“Do not spoil what you have by desiring what you have not; remember that what you now have was once among the things you only hoped for.” - Epicurus We had a typical Melbourne autumn day today, starting out grey, misty and overcast with a cool bite to the air. However, as the day progressed, the clouds parted and a yellow sun appeared that blossomed into the most wonderful afternoon – mellow, warm, sweet like a ripe fragrant melon. It was a day that lent itself to some gardening efforts and at autumn there many things to tidy up in the garden. The weather helped, of course.
Then a very nice evening celebrating a special anniversary, with a wonderful dinner and then dessert… A contented day, one that makes me grateful for being alive, for all the bounties that I enjoy, for the people around me that I love and love me.
Here is the Adagio of the Grand Quintet in C, opus 163 D956, by Franz Schubert. It is scored for two violins, viola, and two violoncellos. It is played by the Festetics Ensemble, comprising Wieland Kuijken, Istavan Kertesz, Erika Petöfi, Péter Ligeti, Rezsö Pertorini.
“If more of us valued food and cheer and song above hoarded gold, it would be a merrier world.” - J.R.R. Tolkien
Every now and then we like to indulge ourselves and have a very special dinner, just like a dinner party but only for two. We have a beautifully decorated table, the best china and the cut crystal, sparkling silverware and some delightful classical music playing. There is chilled champagne, and for the comestibles: Hors d’oeuvres, an elaborate main course with all the trimmings, with dessert of course following the meal and afterwards coffee and a praline. It’s nice to do this periodically (usually at weekends) and enjoy a leisurely, civilised dinner where good food, good wine, pleasant conversation make of eating a cultural and social event, even though only two partake of this intimate tête-a-tête.
It is important to realise that quality is more important than quantity in these meals, and as Socrates said, “Worthy people eat to live, worthless ones live to eat.” This is especially true at a dinner party for two, when one can be tempted to over-provide with an excess of delicacies. A variety of food, each served in small delicate portions is preferable to the quantity of food that one eats on a winter’s evening where a single large course will have to satisfy one’s hunger.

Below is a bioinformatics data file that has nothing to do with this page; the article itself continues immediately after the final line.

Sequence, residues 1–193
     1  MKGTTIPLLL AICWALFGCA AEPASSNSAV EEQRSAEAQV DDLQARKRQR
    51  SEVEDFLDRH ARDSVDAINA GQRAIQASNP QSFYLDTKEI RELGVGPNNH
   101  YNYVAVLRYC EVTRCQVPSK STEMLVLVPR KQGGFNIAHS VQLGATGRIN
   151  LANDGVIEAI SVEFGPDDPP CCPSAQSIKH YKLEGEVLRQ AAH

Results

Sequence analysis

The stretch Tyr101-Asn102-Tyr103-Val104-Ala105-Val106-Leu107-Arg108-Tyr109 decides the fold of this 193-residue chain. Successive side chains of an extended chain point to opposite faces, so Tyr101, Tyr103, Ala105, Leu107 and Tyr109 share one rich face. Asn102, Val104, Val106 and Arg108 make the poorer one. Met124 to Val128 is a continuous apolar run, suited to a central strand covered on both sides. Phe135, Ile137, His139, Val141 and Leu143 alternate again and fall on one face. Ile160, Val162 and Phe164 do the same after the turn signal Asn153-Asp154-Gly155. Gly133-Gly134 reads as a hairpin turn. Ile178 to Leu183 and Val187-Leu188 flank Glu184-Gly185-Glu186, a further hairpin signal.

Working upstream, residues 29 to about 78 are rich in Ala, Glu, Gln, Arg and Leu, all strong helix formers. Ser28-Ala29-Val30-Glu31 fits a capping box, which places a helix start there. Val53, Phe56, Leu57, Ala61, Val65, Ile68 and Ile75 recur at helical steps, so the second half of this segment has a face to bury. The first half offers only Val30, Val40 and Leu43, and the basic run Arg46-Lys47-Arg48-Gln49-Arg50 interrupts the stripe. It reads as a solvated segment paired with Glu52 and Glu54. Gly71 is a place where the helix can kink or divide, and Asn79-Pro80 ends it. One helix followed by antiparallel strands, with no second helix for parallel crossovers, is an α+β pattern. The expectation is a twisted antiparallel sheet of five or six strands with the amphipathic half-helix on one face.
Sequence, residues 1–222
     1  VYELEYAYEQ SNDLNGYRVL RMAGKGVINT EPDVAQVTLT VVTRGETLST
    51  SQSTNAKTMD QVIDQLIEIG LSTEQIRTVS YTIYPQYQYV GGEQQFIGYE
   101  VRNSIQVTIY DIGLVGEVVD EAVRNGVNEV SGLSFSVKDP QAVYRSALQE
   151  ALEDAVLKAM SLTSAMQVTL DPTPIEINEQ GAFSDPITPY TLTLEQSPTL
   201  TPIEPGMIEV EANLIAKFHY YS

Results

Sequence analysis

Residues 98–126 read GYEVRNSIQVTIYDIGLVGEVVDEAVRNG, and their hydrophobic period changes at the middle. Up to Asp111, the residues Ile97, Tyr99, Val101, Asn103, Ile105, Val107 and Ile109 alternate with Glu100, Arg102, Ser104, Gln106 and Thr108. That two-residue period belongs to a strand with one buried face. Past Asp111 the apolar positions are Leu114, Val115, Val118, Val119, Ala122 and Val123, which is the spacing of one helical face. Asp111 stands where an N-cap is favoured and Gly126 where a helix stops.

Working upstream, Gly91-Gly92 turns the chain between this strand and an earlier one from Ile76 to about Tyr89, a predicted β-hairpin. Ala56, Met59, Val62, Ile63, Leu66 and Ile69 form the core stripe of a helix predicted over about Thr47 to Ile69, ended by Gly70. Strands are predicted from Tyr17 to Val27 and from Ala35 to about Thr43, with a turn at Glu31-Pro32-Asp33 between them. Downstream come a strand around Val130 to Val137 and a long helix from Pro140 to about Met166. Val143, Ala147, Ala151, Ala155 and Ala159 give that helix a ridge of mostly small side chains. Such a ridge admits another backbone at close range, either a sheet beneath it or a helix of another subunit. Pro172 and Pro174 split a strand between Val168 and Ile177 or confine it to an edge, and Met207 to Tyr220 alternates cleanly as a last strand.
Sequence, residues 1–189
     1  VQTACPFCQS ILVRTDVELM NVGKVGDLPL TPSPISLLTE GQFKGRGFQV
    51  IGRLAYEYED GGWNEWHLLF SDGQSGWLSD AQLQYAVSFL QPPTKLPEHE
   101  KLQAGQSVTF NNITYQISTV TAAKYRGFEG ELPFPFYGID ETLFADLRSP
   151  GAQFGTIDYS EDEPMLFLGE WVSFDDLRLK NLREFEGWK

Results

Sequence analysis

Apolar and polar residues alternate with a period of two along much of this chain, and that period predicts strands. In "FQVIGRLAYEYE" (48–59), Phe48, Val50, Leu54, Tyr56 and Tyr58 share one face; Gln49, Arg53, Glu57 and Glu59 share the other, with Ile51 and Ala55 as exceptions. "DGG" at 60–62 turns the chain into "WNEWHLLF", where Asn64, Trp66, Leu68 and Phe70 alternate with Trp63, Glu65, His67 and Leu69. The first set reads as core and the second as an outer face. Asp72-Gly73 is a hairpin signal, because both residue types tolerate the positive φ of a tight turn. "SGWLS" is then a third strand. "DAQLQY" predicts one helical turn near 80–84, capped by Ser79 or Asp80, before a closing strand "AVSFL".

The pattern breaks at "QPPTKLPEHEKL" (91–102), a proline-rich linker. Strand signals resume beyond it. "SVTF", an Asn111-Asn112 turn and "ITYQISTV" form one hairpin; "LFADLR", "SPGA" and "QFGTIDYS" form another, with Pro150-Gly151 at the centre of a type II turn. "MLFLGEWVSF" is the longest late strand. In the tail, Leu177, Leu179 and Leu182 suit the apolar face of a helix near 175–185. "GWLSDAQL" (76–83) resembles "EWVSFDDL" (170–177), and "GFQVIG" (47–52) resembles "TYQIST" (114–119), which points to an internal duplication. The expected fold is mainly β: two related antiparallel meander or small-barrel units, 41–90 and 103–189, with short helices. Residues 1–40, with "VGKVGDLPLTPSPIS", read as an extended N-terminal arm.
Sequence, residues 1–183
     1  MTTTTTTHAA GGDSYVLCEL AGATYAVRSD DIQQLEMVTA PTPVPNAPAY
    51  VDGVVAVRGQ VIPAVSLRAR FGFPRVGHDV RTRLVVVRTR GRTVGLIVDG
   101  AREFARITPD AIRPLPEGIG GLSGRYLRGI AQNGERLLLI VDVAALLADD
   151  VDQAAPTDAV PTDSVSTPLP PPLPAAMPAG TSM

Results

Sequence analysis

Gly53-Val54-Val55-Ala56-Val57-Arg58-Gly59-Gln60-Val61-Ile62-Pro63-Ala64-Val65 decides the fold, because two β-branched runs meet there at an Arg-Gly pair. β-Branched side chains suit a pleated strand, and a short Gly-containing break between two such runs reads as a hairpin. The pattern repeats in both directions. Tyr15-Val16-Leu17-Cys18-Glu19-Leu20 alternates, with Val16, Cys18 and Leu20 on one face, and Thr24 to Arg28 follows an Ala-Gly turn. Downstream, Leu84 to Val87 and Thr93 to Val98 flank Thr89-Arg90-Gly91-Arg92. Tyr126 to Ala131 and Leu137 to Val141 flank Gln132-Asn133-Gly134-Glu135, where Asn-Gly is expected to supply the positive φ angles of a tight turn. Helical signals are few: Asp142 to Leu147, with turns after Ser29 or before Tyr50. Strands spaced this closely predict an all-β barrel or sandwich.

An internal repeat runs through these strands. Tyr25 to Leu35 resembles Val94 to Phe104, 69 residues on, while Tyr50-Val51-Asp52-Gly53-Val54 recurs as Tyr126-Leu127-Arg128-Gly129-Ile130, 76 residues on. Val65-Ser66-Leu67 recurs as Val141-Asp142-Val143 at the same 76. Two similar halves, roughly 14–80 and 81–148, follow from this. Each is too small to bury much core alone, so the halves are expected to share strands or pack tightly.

One of the hors d’ oeuvres we frequently enjoy at our dinner parties (not only those for two but also for more guests) is Caviar Canapés à l’ Harlequin. These are simple to prepare and look quite wonderful on the serving platter. They are also very tasty.
Caviar Canapés à l’ Harlequin Ingredients
50 g of red caviar
50 g of black caviar
1 lemon, peeled, thinly sliced and each slice quartered
Melba toast squares
Softened, good quality butter for spreading (French unsalted butter is nice)
Lemon peel and herb sprigs for decoration
Spread each small Melba toast square liberally with the softened butter.
Lay a quarter of the lemon slice on one corner of each buttered toast square.
Spread a liberal amount of caviar on the rest of the toast square, not getting any of the caviar on the lemon.
Use red caviar for half the squares and black caviar for the other half.
Serve with chilled champagne.
As I was looking through some of my old photos yesterday I came upon the one that I have illustrated this post with. I looked at it for a while and a Japanese term came to mind, something that I had heard from one of my art lecturers a long time ago, when I was studying art (part-time, while I was working!). The term is wabi-sabi (侘寂) and represents a comprehensive Japanese world-view or aesthetic centered on the acceptance of transience.
This quintessential Japanese aesthetic is sometimes described as one of beauty that is “imperfect, impermanent, and incomplete”. It is a concept derived from the Buddhist teaching of the three marks of existence (三法印 sanbōin), specifically: Impermanence (無常 mujō), suffering (dukkha) and emptiness or absence of self-nature (sunyata). Characteristics of wabi-sabi include asymmetry, asperity (roughness or irregularity), simplicity, economy, austerity, modesty, intimacy and appreciation of the ingenuous integrity of natural objects and processes.
The words wabi and sabi do not translate easily. Wabi originally referred to the loneliness of living in nature, remote from society; sabi meant “chill”, “lean” or “withered”. Around the 14th century these meanings began to change, taking on more positive connotations. Wabi now connotes “rustic simplicity, freshness or quietness”, and can be applied to both natural and human-made objects, or it can imply “understated elegance”. It can also refer to quirks and anomalies arising from the process of construction, which add uniqueness and elegance to the object. Sabi is “beauty or serenity that comes with age”, when the life of the object and its impermanence are evidenced in its patina and wear, or in any visible repairs. In other words an appreciation of the imperfections and transience of everything in this world, something that becomes apparent as time passes.